ERO Object-Type is to be assigned by IANA (recommended value=1)

7.10.  Reported Route Object

   The RRO is exclusively carried within a PCReq message so as to report
   the route followed by a TE LSP for which a reoptimization is desired.

   The contents of this object are identical in encoding to the contents
   of the Route Record Object defined in [RFC3209], [RFC3473] and
   [RFC3477].  That is, the object is constructed from a series of sub-
   objects.  Any RSVP-TE RRO sub-object already defined or that could be
   defined in the future for use in the RSVP-TE RRO is acceptable in
   this object.

   The meanings of all of the sub-objects and fields in this object are
   identical to those defined for the RSVP-TE RRO.

   PCEP RRO sub-object types correspond to RSVP-TE RRO sub-object types.

   RRO Object-Class is to be assigned by IANA (recommended value=8)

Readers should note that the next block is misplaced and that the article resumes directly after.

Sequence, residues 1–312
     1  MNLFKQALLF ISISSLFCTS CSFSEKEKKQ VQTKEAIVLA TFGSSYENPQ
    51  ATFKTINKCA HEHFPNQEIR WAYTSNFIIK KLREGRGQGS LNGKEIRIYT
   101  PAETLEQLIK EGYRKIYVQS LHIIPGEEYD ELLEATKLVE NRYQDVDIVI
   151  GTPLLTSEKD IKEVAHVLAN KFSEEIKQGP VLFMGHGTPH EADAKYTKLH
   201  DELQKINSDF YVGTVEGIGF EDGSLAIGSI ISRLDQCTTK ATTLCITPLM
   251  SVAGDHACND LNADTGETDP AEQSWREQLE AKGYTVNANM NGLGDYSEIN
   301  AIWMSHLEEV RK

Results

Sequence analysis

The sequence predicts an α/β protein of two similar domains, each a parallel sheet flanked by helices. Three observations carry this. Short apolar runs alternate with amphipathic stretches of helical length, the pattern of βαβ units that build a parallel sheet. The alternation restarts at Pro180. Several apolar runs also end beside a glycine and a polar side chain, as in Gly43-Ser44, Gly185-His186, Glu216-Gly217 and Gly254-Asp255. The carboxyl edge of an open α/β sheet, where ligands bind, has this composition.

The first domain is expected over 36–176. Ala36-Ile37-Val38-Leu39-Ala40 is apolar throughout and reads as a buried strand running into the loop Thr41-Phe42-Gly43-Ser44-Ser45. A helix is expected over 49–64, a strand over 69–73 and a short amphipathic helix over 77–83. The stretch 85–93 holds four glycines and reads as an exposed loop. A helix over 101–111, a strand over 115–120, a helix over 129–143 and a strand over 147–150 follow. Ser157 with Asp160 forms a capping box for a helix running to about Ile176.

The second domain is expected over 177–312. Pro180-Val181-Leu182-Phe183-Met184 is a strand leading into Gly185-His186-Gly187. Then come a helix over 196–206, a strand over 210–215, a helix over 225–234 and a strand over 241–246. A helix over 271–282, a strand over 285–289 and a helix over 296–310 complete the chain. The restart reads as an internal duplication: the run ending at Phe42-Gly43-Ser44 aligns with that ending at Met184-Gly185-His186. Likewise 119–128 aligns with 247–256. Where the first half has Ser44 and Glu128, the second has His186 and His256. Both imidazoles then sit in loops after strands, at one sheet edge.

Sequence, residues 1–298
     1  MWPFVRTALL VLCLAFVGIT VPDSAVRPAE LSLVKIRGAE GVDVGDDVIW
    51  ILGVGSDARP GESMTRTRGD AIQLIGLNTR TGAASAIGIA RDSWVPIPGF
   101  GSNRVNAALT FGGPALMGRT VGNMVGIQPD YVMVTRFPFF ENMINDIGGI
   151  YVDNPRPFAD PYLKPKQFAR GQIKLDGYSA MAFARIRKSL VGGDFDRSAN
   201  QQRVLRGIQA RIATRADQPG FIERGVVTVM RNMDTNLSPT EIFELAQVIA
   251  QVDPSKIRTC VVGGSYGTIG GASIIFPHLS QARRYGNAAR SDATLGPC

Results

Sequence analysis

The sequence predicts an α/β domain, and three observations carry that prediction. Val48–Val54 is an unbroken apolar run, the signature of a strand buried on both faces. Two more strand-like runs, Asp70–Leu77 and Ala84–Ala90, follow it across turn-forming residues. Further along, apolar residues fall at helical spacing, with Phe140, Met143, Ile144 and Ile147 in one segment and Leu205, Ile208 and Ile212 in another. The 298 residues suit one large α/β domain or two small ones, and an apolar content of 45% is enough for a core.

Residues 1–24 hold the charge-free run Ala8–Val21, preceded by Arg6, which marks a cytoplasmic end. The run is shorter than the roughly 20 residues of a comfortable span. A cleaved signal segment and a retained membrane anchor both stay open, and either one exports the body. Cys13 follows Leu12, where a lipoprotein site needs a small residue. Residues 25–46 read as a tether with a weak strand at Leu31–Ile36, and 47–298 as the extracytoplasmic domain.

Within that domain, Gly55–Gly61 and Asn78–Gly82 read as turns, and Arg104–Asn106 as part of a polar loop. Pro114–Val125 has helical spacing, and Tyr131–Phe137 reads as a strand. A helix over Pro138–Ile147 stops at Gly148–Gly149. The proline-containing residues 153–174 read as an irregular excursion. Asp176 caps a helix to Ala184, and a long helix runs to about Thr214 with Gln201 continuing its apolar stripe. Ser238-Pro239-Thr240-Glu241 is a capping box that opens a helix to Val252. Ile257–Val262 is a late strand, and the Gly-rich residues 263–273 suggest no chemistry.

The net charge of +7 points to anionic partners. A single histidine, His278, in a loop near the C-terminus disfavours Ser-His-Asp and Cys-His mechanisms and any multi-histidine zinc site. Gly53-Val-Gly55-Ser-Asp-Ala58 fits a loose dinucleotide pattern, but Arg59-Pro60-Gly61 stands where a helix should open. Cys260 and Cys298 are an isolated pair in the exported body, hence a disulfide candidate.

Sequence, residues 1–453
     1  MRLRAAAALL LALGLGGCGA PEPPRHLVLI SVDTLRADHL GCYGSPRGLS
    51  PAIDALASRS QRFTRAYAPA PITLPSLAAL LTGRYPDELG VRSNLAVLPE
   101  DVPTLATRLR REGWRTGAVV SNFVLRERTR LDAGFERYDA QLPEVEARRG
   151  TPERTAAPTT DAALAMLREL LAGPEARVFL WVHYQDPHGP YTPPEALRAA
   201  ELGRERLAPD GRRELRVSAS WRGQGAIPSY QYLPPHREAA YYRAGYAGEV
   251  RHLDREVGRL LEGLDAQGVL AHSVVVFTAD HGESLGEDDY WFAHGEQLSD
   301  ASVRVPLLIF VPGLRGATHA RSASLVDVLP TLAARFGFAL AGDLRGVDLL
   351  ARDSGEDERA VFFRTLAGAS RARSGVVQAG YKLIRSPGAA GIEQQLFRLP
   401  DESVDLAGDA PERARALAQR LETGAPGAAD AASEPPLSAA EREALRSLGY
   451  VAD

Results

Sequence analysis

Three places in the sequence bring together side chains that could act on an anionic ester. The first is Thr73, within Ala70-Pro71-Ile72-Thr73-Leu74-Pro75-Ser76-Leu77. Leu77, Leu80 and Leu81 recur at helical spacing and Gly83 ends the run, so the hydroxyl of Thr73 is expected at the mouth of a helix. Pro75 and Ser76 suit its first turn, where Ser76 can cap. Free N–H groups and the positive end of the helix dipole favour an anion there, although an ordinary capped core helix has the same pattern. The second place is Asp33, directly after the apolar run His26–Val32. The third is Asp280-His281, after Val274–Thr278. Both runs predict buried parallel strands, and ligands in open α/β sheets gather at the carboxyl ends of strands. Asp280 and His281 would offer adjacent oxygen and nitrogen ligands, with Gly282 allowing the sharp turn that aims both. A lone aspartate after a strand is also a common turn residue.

RRO Object-Type is to be assigned by IANA (recommended value=1)

7.11.  LSPA Object

   The LSPA object is optional and specifies various TE LSP attributes
   to be taken into account by the PCE during path computation.  The
   LSPA (LSP Attributes) object can be carried within a PCReq message,
   or a PCRep message in case of unsuccessful path computation (in this
   case, the PCRep message also contains a NO-PATH object and the LSPA
   object is used to indicate the set of constraints that could not be
   satisfied).  Most of the fields of the LSPA object are identical to
   the fields of the SESSION-ATTRIBUTE (C-Type = 7) object defined in
   [RFC3209] and [RFC4090].  When absent from the PCReq message, this
   means that the Setup and Holding priorities are equal to 0, and there
   are no affinity constraints.  See section 4.7.4 of [RFC3209] for a
   detailed description of the use of resource affinities.

   LSPA Object-Class is to be assigned by IANA (recommended value=9)

   LSPA Object-Types is to be assigned by IANA (recommended value=1)





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   The format of the LSPA object body is: